I had extra cream from the Sailor Uranus cake, so I decided to try a cream scone recipe. Cream scones use heavy cream in place of the egg and butter, which makes them light and airy–and there’s no need to deal with cutting flour into cold butter. Very easy.
I photographed a batch I made with pecans, but you can use pecans, almonds, walnuts, or a mix of these nuts. I tend to use whatever nuts I have left over from other recipes–Right now I’m enjoying a batch of almond scones.
First, I’m very jealous of you all in Japan enjoying or about to enjoy the sakura food! I like to follow food trends, so, for posterity, here are some foods from cherry-blossom season 2014. Most of these are from international brands and chains that localize their products for Japan.
Just a heads up: I’m not sponsored or compensated by any of these brands (or any brands at all), so if you’re reading my review of a product, it’s either my opinion or FOR SCIENCE.
The 2014 Fandom Birthday Cake Season kicks off with a little something from Sailor Moon:
This is the first of two requests I’ve gotten for Sailor Moon cakes this year, and because my friend is a member of the Haruka Tenou/Sailor Uranus Appreciation Club (as am I) I decided to do a cake version of her “lip rod” transformation wand.
After an ad in The Stranger peaked our interest for Bainbridge Organic Distillers, we finally had a chance to visit the distillery on Bainbridge Island a couple weeks ago. Up until my visit, I don’t think I had ever had vodka or gin straight and enjoyed it. “Common knowledge” holds that gin is gross on its own, and as a friend put it, “doesn’t vodka taste like burn-y water?” (For more on good gin and how to enjoy it, check out “Banish the Tonic: Why to Drink Straight Gin.”)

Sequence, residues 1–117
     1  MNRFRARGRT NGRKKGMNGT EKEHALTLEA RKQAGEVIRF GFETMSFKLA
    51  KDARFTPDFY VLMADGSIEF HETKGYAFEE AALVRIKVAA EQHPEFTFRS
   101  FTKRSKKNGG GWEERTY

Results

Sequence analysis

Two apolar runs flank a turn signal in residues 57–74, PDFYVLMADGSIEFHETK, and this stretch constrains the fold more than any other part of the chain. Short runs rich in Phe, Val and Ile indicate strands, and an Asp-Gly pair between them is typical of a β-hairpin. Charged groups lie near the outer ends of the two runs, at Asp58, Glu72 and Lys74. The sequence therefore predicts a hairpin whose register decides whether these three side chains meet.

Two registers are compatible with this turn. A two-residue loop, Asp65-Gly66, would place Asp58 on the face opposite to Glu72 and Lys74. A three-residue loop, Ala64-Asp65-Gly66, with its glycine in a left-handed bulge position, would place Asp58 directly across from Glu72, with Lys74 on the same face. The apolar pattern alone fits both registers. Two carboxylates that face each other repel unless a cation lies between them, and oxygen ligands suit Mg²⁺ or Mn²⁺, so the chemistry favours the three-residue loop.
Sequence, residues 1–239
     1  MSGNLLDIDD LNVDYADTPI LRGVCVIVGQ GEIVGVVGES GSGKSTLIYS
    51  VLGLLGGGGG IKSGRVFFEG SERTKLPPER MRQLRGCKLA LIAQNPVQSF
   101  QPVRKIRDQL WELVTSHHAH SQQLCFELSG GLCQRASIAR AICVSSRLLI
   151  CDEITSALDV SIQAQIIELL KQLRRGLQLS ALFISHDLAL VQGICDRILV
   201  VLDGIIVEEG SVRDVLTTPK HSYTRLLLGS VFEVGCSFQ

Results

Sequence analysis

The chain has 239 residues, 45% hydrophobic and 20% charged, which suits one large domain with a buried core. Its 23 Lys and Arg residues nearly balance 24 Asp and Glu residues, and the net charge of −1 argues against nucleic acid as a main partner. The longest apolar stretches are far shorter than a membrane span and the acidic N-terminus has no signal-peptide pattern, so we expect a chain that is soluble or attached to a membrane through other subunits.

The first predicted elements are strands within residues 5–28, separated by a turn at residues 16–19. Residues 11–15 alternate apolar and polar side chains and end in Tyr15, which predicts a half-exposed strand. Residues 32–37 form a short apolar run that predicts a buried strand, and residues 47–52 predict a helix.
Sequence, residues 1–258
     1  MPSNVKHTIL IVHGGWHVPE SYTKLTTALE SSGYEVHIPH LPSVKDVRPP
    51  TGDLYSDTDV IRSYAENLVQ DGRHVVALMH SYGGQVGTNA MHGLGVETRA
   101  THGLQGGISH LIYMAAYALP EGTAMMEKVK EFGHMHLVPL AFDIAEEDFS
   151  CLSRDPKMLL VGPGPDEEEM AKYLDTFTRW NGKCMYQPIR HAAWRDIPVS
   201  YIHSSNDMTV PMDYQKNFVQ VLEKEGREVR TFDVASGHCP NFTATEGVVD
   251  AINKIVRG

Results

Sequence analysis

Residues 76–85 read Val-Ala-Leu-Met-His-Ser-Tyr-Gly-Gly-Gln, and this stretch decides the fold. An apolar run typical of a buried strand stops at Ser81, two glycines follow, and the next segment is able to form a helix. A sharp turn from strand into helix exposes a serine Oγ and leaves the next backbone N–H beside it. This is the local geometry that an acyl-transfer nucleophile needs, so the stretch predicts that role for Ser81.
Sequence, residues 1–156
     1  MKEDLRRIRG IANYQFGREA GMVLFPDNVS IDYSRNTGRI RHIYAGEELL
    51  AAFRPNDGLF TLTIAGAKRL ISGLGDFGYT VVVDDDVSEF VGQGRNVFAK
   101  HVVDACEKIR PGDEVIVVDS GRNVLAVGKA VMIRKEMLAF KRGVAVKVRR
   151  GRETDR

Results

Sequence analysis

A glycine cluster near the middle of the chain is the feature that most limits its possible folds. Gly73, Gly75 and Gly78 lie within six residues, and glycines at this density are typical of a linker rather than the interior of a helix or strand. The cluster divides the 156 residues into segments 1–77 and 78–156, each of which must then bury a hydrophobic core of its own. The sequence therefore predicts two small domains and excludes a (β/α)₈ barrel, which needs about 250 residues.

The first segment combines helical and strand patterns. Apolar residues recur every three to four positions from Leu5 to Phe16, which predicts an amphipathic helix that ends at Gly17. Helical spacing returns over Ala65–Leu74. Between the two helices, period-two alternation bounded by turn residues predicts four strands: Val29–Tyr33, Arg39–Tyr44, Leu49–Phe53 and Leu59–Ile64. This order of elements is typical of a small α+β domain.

In part two of our seminar, we’ll be looking at how to find a source with Google Image Search and how to report and help others report stolen images.
Finding the Source
I’m always looking for new food tumblrs to follow, and every time I do, we do the unsourced dance:
Oh, a delightful tumblr, and the first five images have links and sources!
Oh…well, maybe this one is an original post from another tumblr?
:clicks back to “source”:
About Me: “None of these photos belong to me! #yolo”
So you found an unsourced image on tumblr or whatever fine purveyor of visual pleasure you prefer. How do you find the original?
Get your sleuthing hats on, readers. It’s time to be an Internet detective.
Warning: I’m going to write the word rape so many times it’s going to not sound like a word anymore. Also, there will be some discussion of beerbro comments and attitudes about rape culture.
If you’ve been following my social media, especially twitter, lately, you’ve seen the Rebecca Rose piece “Dude, ‘Mouth Raper’ Is Not What You Should Call Your Beer” on Jezebel, in which Rose recaps Beervana’s piece on Hop Valley’s “Mr. IPA” and whether the beer is actually called “MR IPA,” as in “Mouth-Raper IPA”; or “Mr IPA,” as in “Mister IPA, old sport.”
Hop Valley finally responded yesterday (17 Jan. 2014) to say that the proper name was “Mr. IPA”:
While the apology and action to correct the issue are appreciated, there are several points in this case to consider: Hop Valley’s slowness to act and uphold its online reputation, Beermongers’ (a Portland bar) attitude of patriarchal nonchalance, and the overall “boy’s club” attitude that exists not only in craft beer, but in gaming, academia, geekery, STEM, and anywhere that women are perceived as “lesser” consumers and producers.
Happy New Year, readers! (Again…) Here’s a look at my 2013 in Review from Jetpack and my food resolutions for 2014!
I offered to bring tarts to a dear friend’s family Thanksgiving and found this recipe as I was considering my repertoire. Also, geeky-dessert talk: I’m a huge fan of Ikeda Riyoko’s The Rose of Versailles (Beru Bara) fan*, so how could I pass up the tarte bouquet de roses?
This tart looks and tastes elegant: the freshness of the (mostly) uncooked apples with the creamy maple custard and soft walnut crust creates a great combination of flavors and textures. In Alain Passard’s version, he cuts the apples with a machine into long strips, but those of us without mandolins can (carefully) slice the apples into paper-thin, translucent pieces.